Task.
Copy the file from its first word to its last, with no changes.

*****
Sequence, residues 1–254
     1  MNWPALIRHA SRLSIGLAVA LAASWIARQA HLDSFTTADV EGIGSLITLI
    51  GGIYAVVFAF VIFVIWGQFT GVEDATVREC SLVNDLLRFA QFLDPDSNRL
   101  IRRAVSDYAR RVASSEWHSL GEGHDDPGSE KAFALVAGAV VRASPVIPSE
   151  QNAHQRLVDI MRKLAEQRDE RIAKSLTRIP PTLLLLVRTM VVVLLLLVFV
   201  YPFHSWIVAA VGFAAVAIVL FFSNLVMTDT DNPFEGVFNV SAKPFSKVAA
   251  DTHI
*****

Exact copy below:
Sequence, residues 1–254
     1  MNWPALIRHA SRLSIGLAVA LAASWIARQA HLDSFTTADV EGIGSLITLI
    51  GGIYAVVFAF VIFVIWGQFT GVEDATVREC SLVNDLLRFA QFLDPDSNRL
   101  IRRAVSDYAR RVASSEWHSL GEGHDDPGSE KAFALVAGAV VRASPVIPSE
   151  QNAHQRLVDI MRKLAEQRDE RIAKSLTRIP PTLLLLVRTM VVVLLLLVFV
   201  YPFHSWIVAA VGFAAVAIVL FFSNLVMTDT DNPFEGVFNV SAKPFSKVAA
   251  DTHI